Ecu markets, traders observe Ukraine, international enlargement outlook

LONDON — European stocks closed higher Wednesday after a lackluster start to the day, as investors digested a fresh batch of corporate earnings.

The pan-European Stoxx 600 index closed 0.8% higher with tech shares leading the gains as most sectors entered positive territory.

Wednesday was a busy day on the earnings front, with a slew of firms reporting quarterly results. Danone, ASML and Heineken all climbed more than 5% after topping sales expectations.

On the opposite end of the pan-European benchmark, Rio Tinto sank nearly 5% after reporting lower-than-expected first-quarter iron ore shipments. The Anglo-Australian mining firm warned that rising inflation, Covid lockdowns in China and the Ukraine war may dampen its outlook.

Meanwhile, Credit Suisse shares were down 1.5% after the Swiss bank said it expects a loss in reported first-quarter earnings after increasing legal provisions.

Data released by the ACEA on Wednesday showed new car registrations continued to decline in the EU, falling around 20% in March.

MFI cuts outlook

European traders continue to focus on the war in Ukraine. The conflict has entered a second phase in which fierce fighting has begun in the east of the country.

Ukraine said on Monday that Russia’s offensive in the eastern Donbas region had begun, with a top official describing it as the “second phase” of the war. The eastern city of Kreminna fell to Russian forces on Tuesday, its regional governor said, marking the first city to be captured in this phase of the war.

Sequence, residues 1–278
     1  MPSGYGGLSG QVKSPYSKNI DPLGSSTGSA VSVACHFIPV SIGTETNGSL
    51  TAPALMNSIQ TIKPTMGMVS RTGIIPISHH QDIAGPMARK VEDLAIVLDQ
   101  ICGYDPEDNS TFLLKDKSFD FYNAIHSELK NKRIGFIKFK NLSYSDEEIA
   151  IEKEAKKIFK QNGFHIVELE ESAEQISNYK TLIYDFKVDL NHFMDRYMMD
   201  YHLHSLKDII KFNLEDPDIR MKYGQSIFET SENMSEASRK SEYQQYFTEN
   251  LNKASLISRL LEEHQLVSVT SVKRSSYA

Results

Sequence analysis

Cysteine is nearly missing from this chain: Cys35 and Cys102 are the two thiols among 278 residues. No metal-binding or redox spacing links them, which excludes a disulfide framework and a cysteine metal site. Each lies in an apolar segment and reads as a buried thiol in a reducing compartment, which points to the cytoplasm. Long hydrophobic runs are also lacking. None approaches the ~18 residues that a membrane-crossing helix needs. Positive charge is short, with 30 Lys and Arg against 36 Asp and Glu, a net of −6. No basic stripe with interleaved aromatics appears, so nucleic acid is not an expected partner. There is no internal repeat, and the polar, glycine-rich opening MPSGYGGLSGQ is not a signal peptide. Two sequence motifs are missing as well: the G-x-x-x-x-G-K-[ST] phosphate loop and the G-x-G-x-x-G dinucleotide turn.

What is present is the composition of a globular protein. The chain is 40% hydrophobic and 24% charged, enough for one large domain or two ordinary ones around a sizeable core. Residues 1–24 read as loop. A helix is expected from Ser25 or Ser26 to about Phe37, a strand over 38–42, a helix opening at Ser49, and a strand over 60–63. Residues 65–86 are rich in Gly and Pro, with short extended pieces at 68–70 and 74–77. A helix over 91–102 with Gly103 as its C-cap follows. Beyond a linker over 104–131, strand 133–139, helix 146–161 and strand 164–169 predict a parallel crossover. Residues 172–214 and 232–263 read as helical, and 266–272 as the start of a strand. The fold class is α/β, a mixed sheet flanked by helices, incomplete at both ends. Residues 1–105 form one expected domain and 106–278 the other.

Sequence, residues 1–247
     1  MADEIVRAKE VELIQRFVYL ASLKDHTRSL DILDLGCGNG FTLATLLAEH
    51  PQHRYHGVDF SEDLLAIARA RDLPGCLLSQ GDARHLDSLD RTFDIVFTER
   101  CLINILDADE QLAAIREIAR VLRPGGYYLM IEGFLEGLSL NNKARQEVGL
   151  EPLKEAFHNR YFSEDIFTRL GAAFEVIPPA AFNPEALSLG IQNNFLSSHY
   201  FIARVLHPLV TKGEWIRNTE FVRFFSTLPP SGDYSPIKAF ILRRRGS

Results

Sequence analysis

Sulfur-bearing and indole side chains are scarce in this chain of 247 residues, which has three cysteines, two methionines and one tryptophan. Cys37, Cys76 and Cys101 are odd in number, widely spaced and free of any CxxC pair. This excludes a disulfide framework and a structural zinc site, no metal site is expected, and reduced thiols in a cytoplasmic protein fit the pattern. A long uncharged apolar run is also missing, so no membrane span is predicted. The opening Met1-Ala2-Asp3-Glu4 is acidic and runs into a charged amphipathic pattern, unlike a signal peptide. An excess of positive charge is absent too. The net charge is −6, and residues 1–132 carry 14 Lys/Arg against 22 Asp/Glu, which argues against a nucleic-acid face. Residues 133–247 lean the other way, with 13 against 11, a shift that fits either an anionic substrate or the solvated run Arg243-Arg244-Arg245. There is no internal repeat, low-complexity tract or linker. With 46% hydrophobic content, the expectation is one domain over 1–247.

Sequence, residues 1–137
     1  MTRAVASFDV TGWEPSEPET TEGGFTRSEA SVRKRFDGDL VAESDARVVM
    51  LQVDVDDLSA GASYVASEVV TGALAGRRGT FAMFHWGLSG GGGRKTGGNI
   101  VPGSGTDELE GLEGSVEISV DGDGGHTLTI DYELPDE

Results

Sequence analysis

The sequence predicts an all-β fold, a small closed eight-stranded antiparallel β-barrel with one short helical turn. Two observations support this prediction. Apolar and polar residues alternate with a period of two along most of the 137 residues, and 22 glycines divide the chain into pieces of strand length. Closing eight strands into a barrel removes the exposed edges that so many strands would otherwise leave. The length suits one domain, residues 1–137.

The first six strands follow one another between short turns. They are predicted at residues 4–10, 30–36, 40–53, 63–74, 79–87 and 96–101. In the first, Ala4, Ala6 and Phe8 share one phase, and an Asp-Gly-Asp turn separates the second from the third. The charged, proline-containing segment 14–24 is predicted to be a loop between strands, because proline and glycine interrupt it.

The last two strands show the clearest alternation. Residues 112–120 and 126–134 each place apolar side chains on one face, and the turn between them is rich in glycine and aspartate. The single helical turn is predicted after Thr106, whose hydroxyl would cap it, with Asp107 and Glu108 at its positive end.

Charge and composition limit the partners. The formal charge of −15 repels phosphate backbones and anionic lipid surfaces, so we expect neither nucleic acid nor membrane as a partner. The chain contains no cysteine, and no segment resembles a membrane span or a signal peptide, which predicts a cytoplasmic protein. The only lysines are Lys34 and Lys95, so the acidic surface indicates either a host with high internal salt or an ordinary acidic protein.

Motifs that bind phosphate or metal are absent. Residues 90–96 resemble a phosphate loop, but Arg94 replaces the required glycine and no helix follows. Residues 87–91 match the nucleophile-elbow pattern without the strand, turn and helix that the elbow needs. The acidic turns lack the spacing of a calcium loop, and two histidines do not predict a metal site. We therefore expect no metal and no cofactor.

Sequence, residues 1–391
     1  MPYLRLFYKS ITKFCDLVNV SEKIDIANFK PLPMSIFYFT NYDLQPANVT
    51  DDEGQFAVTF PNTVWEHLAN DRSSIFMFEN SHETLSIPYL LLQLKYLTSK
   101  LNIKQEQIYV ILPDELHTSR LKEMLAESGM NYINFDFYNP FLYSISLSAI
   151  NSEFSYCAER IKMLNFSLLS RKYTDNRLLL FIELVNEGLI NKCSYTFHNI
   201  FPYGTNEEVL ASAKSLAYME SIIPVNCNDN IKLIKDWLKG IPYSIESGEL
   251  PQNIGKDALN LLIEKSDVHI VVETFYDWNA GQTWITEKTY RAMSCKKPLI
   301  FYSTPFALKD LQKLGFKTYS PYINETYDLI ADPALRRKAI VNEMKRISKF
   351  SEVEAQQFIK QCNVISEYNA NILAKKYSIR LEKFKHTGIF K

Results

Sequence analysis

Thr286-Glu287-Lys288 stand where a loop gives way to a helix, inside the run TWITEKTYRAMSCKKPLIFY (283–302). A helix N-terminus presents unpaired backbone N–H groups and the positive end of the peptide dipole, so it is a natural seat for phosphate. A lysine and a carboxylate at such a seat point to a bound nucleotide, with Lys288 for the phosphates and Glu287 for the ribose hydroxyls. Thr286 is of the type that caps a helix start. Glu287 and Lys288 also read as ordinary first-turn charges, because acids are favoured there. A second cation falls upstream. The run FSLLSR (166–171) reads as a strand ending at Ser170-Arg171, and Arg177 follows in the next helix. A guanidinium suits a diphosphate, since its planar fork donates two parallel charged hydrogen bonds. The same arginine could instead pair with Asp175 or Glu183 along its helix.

The euro area economy is slowing down pretty rapidly because you have much higher inflation that’s beginning to weigh on incomes and on consumption, and we also think that higher energy prices are weighing on producers. Then on top of that, you have a whole bunch of supply chain issues.

Jari Stehn

Chief European economist at Goldman Sachs

Investors are also digesting the latest gloomy global economic forecasts from the International Monetary Fund and World Bank.

On Tuesday, the IMF cut its global growth projections for 2022 and 2023, saying the economic impact from Russia’s invasion of Ukraine will “propagate far and wide, adding to price pressures and exacerbating significant policy challenges.” On Monday, the World Bank lowered its global growth forecast for 2022 by nearly a full percentage point, from 4.1% to 3.2%, citing the pressure that Russia’s invasion of Ukraine has placed on the global economy.

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